Updates to the Current Expected Credit Loss Standard

In 2016, the Financial Accounting Standards Board (FASB) issued an accounting standard for recognizing impairment losses on financial assets, known as Current Expected Credit Loss (CECL). While many publicly traded companies and banks have long dealt with CECL accounting, privately held firms and nonprofit organizations are now also subject to these rules, based on the most recent updates issued by the FASB.

Here’s what your organization needs to know about the updates:

Impairment losses on financial assets issued by the FASB have long been identified as a major weakness in current Generally Accepted Accounting Principles (GAAP) in the U.S., with FASB issuing the original CECL standard in 2016 to address concerns about delays in recognizing deteriorated asset values.

In 2022, the FASB released a new update (Topic 326) to the standard that will impact nonprofit organizations preparing reports for fiscal periods ending in 2023. The update aims to eliminate the barrier to timely recognition of credit losses by using an expected loss model instead of an incurred loss model.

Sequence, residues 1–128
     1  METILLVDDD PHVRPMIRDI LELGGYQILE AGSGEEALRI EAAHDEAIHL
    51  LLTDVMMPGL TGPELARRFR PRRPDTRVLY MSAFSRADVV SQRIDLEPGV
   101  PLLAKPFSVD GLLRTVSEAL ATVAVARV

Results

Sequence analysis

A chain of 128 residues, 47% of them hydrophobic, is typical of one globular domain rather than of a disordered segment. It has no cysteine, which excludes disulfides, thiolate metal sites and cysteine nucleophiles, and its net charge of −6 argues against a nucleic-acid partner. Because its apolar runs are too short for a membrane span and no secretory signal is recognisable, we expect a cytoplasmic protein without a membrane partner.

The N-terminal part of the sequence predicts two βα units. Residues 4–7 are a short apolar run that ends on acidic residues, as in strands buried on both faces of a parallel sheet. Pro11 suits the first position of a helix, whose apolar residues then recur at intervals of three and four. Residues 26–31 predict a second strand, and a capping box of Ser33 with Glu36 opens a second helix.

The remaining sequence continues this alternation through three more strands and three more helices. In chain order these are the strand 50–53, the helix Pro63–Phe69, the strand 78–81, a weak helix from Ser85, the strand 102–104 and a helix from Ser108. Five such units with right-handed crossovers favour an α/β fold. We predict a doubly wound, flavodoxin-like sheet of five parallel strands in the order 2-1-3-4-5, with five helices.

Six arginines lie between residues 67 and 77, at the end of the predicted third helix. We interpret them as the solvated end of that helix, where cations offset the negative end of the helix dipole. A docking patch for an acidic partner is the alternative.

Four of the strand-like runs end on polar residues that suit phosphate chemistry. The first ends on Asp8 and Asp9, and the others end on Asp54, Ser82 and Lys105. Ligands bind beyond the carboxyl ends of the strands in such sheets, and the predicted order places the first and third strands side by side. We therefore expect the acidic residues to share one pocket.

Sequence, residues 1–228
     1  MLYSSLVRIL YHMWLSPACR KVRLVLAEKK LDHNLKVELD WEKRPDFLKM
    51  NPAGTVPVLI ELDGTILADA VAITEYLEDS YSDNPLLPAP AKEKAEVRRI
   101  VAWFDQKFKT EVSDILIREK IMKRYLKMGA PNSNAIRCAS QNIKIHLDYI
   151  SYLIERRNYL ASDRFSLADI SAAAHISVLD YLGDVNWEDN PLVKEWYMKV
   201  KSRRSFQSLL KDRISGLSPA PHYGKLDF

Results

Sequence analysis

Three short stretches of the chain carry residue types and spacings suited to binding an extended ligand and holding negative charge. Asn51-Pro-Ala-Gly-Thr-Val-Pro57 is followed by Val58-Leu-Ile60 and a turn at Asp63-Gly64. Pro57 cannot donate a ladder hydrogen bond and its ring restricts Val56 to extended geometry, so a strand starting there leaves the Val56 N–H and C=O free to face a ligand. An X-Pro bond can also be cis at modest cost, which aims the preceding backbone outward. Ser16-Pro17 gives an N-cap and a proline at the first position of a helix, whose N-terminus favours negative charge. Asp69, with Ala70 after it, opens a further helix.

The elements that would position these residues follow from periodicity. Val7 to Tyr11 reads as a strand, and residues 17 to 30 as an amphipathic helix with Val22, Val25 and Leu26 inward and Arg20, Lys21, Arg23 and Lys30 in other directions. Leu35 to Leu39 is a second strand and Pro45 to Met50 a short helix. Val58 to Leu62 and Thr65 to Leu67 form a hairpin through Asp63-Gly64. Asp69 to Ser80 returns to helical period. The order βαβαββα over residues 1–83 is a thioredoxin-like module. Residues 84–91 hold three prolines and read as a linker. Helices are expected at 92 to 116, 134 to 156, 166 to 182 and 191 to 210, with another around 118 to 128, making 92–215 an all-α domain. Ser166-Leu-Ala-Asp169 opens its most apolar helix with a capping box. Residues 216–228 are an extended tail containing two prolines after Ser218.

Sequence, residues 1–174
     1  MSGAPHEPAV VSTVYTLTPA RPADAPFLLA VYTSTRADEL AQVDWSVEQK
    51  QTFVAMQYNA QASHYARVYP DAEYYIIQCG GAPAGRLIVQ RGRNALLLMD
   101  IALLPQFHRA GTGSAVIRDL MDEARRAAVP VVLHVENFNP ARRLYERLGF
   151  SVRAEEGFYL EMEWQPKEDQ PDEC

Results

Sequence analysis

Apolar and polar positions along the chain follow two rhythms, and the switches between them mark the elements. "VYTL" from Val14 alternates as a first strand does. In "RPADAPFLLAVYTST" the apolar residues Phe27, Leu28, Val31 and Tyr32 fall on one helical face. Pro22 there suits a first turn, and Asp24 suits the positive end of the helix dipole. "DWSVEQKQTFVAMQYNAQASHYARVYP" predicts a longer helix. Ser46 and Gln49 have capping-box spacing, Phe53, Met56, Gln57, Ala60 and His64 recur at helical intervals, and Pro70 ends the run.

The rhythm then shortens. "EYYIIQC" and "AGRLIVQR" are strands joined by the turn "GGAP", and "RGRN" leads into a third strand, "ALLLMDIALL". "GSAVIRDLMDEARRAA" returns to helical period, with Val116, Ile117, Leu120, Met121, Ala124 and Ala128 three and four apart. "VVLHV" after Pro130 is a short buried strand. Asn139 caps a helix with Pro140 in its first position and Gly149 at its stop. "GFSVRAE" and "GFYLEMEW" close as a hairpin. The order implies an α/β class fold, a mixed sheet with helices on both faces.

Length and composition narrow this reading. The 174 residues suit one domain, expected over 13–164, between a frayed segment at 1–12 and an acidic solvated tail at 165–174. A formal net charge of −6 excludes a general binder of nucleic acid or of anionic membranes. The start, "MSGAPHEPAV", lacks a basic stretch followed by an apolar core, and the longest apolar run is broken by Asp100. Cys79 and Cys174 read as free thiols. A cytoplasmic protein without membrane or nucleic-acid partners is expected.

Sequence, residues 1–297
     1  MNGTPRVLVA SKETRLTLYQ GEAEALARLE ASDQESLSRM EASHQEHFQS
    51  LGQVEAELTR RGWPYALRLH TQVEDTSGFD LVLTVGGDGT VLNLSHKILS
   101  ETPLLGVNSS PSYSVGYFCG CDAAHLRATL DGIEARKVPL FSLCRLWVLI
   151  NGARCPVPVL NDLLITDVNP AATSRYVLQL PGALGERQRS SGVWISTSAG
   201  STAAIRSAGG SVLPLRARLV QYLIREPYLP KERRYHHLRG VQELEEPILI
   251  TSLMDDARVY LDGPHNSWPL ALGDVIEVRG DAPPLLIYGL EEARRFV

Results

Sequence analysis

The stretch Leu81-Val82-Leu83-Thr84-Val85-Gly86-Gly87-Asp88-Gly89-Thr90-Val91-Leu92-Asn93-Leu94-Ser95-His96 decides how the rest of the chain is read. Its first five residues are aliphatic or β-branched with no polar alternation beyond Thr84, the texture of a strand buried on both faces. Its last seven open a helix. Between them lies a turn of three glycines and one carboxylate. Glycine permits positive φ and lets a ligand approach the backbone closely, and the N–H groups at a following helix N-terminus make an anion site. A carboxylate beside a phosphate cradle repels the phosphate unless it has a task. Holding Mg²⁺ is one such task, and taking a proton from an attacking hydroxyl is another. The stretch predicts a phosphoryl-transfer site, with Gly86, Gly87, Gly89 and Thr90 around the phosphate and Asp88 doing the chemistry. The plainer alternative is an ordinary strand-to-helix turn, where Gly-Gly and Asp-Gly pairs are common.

Previously, organizations would measure and record allowances when a loss would likely be incurred. With this update, organizations will do so upon the initial recognition of the financial instrument. This means that your organization is required to predict possible losses from day one, using historical data, future events and current conditions to make the assessment.

As your organization navigates this updated process, here are a few tips from SST’s accounting experts:

  • Determine whether and when these new rules apply to your organization.
  • Pick a methodology for determining CECL allowances.
  • Prepare for more disclosures.
  • Stay updated on changes to CECL standards.

For help with CECL reporting, consult with the accounting experts at SST.